Excerpt from Prologue, “In the Courtyard of the Five Giulias”

We are all Giulias, the girls in our family, named as a sign of respect  and according to tradition after our grandmother Nonna Giulia. We are the daughters of four brothers and a sister, and if we had been born in a different time we might have grown up all together, probably within the sun-bleached walls of an ancient villa, up in the mountains of Calabria or along the Mediterranean coast. My cousins and I would have never been alone.

Our days would have begun when we heard “Giulia, wake, it’s time” whispered into our dreams by the low soft voices of the old women, our duennas, who looked over us night and day. Still in white nightshirts, long hair falling, barefoot, we would rush across the stone floor of our night-chilled bedrooms, up the high steps leading to our windows. And in each small room the tall, crystal-paned windows would be pulled open and the heavy wooden shutters pushed out, open, and the rooms of the Giulias would fill with blue light and the soft warm breath of early morning. Leaning out on age-old windowsills of pink marble, we would call to one another until the courtyard echoed with the overlapping sounds of our names: Giulia di Nicola…Giulia d’Antonio…Giulia di Vito…di Rocco…Giulia di Sofi.

But the duennas, running up behind us with shawls outstretched, would scold us away from the windows, lead us back into our rooms, to small cushioned prie-Dieus so they could listen to our prayers. The hushed cadences of our hurried litanies as we petitioned for the health of our family, for the quiet repose of those we had lost, for the strengthening of our faith, for the forgiveness of our weaknesses, for humility, for grace. We would call on the Madonnas—di Lourdes, di Pompei. Beseech all the saints—San Francesco di Paola, patron saint of our land; Santa Giulia, our namesake; Sant’Antonio, of the birds; San Nicola of the sea.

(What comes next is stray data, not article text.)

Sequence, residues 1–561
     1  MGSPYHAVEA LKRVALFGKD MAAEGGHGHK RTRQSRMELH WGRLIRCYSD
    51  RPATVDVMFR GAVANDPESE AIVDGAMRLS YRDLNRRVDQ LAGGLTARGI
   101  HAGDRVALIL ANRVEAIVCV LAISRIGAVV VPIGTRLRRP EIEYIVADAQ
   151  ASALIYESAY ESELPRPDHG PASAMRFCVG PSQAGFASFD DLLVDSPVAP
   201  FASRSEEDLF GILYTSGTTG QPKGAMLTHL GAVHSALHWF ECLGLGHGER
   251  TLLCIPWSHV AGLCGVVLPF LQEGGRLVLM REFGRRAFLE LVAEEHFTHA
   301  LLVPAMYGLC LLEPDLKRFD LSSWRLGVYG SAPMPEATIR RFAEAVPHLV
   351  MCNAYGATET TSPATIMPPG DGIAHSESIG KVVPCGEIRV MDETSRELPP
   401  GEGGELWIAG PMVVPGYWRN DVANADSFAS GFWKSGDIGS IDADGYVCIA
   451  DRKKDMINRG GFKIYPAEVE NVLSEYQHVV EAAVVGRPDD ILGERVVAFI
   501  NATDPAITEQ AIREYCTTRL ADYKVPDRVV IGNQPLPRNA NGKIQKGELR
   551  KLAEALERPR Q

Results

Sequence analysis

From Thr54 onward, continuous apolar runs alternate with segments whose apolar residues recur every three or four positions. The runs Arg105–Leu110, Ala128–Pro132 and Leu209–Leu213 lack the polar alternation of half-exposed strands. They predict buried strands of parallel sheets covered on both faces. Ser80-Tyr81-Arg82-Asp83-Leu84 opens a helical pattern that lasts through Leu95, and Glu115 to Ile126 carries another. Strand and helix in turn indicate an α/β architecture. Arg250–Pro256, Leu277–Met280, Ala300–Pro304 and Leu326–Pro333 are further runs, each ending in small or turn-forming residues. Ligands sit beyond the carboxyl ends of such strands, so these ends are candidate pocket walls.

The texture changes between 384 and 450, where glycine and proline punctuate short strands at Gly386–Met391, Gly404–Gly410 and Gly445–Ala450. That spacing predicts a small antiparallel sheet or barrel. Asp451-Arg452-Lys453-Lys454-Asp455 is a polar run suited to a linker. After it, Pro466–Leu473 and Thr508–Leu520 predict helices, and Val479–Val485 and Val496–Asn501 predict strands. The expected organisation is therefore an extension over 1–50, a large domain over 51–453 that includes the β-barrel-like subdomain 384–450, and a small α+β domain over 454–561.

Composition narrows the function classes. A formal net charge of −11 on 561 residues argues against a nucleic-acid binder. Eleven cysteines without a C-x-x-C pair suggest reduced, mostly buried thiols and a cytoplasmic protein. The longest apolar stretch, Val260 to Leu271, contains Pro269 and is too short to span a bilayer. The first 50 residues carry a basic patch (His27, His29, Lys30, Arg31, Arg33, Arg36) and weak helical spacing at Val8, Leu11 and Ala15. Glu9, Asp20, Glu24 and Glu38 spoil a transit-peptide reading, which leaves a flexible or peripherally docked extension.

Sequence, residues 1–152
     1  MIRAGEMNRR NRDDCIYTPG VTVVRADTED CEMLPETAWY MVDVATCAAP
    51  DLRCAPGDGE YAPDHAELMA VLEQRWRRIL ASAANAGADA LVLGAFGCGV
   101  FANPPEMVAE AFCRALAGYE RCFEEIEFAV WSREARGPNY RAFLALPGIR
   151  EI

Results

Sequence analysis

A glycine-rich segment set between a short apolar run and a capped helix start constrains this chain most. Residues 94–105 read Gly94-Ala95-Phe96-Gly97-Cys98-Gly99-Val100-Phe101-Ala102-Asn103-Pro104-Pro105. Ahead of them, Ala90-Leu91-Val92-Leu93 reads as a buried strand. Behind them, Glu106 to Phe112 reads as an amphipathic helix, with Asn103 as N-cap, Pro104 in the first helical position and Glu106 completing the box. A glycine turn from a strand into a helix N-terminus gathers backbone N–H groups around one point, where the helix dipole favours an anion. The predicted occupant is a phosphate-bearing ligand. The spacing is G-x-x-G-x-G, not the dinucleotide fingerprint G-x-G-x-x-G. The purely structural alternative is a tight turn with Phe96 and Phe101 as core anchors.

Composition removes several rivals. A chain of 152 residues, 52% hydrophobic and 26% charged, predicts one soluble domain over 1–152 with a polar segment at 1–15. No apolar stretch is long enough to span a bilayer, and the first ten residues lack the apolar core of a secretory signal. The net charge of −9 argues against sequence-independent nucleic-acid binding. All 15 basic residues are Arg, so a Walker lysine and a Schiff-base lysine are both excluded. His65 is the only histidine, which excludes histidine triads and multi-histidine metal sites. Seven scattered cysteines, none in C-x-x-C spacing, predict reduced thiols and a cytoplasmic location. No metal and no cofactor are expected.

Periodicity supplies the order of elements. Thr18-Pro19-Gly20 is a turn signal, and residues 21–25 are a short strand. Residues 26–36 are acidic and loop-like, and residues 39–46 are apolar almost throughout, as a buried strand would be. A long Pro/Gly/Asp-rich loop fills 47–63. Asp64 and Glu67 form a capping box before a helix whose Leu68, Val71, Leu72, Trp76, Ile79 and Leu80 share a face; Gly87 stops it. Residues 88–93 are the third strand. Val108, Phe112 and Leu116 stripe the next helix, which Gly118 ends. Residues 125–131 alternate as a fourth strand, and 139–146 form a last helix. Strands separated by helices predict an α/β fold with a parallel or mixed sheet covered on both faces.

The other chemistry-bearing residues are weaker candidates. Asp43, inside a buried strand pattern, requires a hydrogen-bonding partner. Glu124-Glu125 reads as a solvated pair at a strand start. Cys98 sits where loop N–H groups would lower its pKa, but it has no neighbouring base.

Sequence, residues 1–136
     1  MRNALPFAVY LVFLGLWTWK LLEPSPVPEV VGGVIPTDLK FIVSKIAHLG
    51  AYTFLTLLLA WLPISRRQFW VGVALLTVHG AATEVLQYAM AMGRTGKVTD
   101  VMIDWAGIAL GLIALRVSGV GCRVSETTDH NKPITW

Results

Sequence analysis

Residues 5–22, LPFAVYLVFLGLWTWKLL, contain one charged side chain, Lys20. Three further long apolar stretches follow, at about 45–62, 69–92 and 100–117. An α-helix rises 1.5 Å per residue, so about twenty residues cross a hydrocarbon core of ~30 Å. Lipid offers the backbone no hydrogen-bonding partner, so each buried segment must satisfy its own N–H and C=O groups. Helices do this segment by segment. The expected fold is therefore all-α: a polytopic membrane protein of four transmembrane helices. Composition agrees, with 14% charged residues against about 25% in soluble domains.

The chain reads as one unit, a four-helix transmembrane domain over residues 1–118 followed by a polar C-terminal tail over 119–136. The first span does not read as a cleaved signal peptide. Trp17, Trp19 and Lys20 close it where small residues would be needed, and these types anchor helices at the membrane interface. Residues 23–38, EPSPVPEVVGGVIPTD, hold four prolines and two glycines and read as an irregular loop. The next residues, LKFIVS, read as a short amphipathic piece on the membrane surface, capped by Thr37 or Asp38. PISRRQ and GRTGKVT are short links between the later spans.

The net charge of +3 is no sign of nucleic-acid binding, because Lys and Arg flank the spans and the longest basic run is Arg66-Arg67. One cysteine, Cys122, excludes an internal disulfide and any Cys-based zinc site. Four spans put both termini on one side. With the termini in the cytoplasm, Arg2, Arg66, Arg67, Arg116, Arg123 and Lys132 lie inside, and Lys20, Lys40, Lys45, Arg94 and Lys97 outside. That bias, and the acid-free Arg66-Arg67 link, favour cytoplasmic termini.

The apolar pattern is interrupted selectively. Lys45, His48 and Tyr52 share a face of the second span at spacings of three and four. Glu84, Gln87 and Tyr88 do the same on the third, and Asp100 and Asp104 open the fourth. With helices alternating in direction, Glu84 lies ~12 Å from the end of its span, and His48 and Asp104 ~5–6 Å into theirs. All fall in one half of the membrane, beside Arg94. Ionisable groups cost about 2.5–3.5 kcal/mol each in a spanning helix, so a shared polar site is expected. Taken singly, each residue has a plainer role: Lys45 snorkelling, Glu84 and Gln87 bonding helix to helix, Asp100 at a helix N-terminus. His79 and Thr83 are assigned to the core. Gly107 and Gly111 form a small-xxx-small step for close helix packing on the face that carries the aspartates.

Excerpt from Chapter One, “The Contadina Ladies”

They lied to me when I was young. What they taught me had nothing to do with the truth of the world. They lied to me with their promises and with their silences, and sometimes they lied to me outright.

“Your family are the only ones you can trust.”

“Believe us when we tell you this: The less you talk, the more you keep inside yourself, the better it is.”

“Better for a woman to be patient than beautiful.”

“Beauty is nothing if you have no one’s respect. Your reputation is everything.”

“Anything. Boys will say to each other anything and everything. Anything you do or say, they report to one another, and then your reputation is lost.”

“Save yourself for one man–we’ll tell you that now, clear as day.”

“The day will come when you’ll be grateful you listened. You’ll find a good, smart man who makes you feel like a million bucks. And what a wedding your daddy will give you! I see it already.”

“I see you with many babies, a nice house. Then your father, how proud he’ll be. Think of your father.”

“Your mother, God rest her soul, would have told you these things if she could. She’d want you to know these things. That’s why we tell you.”

“We tell you because we love you and want you to be happy.”

“Your happiness, Giulia, is the only thing we want.”

Reprinted with permission
The Courtyard of Dreams Copyright © 1993 by Anna Monardo Doubleday